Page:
The elastomer base material can further comprise other optional additives. For example, the elastomer base material can further include carbon black additive. Typically, carbon black can be present in the elastomer base material at about 15-50% by weight of the total elastomer base material. Carbon black is a reinforcing element as well as a sacrificial protectant to the elastomer. Carbon black absorbs UV light and dissipates the energy as heat. During the process, carbon black itself degrades and turns white/gray. Carbon nanotubes and fullerenes enhance the UV inhibition process because they have comparable absorption coefficient in the UV range as that of carbon black.
In addition to carbon black, other additives or fillers conventionally used in the wiper blade manufacturing can be optionally employed to fine-tune the desired properties of the finishing product. These optional materials include non-reinforcing fillers such as CaCO3, clay, etc.; cure activators such as stearic acid and zinc oxide; and other additives such as desiccants like CaO. Still other materials such as antioxidants may be included in the composition. Antioxidants include, e.g., polymerized quinolines, hindered amines, phenols and the like known in the art. Selection and amount of optimal materials which would be employed in the composition would be dependent on the use and desired properties of the composition. As such, their selection would be within the skill of those in the art in view of the present disclosure.
Carbon nanotube and fullerenes can be blended in an elastomer base material to provide an elastomer composition. The elastomer composition can then be extruded, molded or vacuumed formed into any requisite shape. In one embodiment, wiper blades are produced by coextrusion of the various cross-linkable polymer mixtures, cross-linking of the coextrudate under heat, and cutting apart the extruded strand to the desired blade lengths. These techniques are also well known to one skilled in the art. The cross-linkable polymer mixtures may contain the usual cross-linking agents and additives, such as sulfur, sulphenamides, peroxides (such as dicumyl peroxide), and soot, zinc oxide and other fillers, and heat, oxidation and ozonolysis stabilizers.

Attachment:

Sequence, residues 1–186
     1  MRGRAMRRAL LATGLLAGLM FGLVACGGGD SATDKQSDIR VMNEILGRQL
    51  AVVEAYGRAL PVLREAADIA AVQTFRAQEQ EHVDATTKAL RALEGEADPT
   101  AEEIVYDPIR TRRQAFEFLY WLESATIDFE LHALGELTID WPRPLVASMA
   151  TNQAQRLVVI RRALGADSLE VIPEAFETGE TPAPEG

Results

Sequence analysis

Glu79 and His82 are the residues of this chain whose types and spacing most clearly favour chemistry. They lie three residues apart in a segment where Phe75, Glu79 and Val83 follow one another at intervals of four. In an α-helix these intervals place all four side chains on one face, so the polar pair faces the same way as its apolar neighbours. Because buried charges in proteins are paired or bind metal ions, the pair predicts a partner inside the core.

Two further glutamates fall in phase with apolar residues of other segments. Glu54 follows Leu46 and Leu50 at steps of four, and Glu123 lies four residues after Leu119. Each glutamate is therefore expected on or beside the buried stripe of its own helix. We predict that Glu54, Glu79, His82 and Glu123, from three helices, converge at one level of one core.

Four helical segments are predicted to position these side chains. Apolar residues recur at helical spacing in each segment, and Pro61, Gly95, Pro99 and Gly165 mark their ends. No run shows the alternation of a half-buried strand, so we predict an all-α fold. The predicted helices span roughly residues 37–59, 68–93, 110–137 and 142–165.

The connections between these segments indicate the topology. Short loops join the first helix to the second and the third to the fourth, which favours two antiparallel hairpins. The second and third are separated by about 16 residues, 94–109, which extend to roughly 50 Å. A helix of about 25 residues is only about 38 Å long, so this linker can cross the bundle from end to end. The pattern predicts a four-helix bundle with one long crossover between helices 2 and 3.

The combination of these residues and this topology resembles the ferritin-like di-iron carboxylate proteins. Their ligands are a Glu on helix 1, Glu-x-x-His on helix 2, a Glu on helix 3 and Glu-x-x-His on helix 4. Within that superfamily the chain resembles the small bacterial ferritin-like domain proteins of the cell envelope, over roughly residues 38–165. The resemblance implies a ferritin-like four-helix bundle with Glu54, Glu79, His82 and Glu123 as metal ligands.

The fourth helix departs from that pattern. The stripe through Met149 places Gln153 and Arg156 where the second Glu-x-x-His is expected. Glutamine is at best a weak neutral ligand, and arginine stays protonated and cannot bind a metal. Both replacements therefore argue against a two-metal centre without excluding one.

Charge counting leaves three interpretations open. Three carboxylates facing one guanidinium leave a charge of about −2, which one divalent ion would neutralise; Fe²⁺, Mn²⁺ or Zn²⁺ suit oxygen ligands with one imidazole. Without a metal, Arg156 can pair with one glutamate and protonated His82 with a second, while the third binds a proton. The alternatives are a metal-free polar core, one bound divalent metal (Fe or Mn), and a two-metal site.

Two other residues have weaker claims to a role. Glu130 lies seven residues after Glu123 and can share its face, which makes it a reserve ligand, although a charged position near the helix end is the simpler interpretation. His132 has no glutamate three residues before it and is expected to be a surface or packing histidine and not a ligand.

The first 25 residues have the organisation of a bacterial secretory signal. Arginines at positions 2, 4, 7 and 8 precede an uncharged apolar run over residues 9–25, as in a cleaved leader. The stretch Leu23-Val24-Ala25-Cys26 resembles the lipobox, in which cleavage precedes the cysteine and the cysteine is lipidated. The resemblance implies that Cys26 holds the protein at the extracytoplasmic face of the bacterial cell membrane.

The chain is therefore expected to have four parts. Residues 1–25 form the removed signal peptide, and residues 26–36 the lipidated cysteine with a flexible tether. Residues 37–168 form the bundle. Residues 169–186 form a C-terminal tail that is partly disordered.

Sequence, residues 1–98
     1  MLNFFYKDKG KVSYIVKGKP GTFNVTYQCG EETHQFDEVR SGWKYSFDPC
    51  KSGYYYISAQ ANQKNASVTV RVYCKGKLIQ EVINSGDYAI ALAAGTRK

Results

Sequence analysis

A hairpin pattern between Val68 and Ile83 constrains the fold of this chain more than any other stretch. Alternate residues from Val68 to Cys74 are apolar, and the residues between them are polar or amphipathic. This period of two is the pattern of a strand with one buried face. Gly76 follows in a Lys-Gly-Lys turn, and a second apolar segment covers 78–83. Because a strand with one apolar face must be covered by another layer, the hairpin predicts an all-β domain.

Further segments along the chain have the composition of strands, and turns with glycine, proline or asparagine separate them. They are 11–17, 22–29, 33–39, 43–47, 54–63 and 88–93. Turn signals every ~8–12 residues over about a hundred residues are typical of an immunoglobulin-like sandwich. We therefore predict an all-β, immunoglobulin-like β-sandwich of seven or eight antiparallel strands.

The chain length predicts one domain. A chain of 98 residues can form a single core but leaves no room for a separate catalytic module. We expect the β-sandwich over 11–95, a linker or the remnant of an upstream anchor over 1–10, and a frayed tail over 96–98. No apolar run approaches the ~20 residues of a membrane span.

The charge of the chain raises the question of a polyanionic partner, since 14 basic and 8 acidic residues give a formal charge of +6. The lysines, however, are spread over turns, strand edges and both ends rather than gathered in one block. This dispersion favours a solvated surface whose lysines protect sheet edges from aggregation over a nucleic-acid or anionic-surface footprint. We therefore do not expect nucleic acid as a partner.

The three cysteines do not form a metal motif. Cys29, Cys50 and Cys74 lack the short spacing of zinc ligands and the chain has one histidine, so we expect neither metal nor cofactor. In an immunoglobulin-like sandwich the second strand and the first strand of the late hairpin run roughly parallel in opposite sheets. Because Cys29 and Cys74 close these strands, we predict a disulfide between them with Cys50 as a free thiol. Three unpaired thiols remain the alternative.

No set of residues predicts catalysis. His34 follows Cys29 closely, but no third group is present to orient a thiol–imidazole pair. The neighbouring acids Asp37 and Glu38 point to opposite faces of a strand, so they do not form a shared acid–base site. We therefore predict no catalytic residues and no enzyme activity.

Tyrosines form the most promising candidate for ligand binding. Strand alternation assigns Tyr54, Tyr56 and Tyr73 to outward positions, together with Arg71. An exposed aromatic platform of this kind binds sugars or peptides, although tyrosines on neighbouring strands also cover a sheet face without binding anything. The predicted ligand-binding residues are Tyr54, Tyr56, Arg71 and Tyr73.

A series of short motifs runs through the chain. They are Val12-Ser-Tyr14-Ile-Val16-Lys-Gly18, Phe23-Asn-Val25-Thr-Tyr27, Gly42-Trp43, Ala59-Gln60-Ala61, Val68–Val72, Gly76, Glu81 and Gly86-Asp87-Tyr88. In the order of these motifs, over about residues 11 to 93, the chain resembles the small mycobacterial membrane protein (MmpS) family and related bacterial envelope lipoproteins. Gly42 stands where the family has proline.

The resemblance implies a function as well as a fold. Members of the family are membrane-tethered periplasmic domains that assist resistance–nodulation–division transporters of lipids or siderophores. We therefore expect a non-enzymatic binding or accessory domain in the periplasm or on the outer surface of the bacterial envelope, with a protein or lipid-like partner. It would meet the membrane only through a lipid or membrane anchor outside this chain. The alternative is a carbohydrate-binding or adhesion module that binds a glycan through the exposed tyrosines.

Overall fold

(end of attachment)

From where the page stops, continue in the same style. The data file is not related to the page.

Typical wiper blades generally have a length of approximately 10 to 20 inches and a contact width of about 0.1 inch, yielding a squeegee blade/glass surface contact area of approximately one to two square inches. The friction coefficient of a composition suitable for forming wiper blades has been arrived at with this amount of contact surface area in mind. It has been found that wiper blades that exhibit a friction coefficient greater than about 2.8 grams per gram weight perform poorly due to motor loading, squeaking or chatter.
The wiper blades according to the present invention, on the other hand, have a friction coefficient lower than 2.8 grams per gram weight. More typically, the wiper blades according to the present invention have a coefficient of friction of about 2.0-2.6 grams per gram weight.
Due to the large surface to volume ratio, only a small amount of carbon nanotubes and fullerenes are needed to impart the superb friction-reducing property desired. For example, the combined weight of the nanoparticles can be present in the elastomer base material at about 0.2-10% of the total weight of the elastomer composition. More typically, the combined weight of the nanoparticles can be present in the elastomer base material at about 0.2-2% of the total weight of the elastomer composition. Typically, the carbon nanotubes can be present at 0.1-1 wt %, and co-additive fullerenes can be present at 0.1-1 wt %.
All of the above U.S. patents, U.S. patent application publications, U.S. patent applications, foreign patents, foreign patent applications and non-patent publications referred to in this specification and/or listed in the Application Data Sheet are incorporated herein by reference, in their entirety.
From the foregoing it will be appreciated that, although specific embodiments of the invention have been described herein for purposes of illustration, various modifications may be made without deviating from the spirit and scope of the invention. Accordingly, the invention is not limited except as by the appended claims.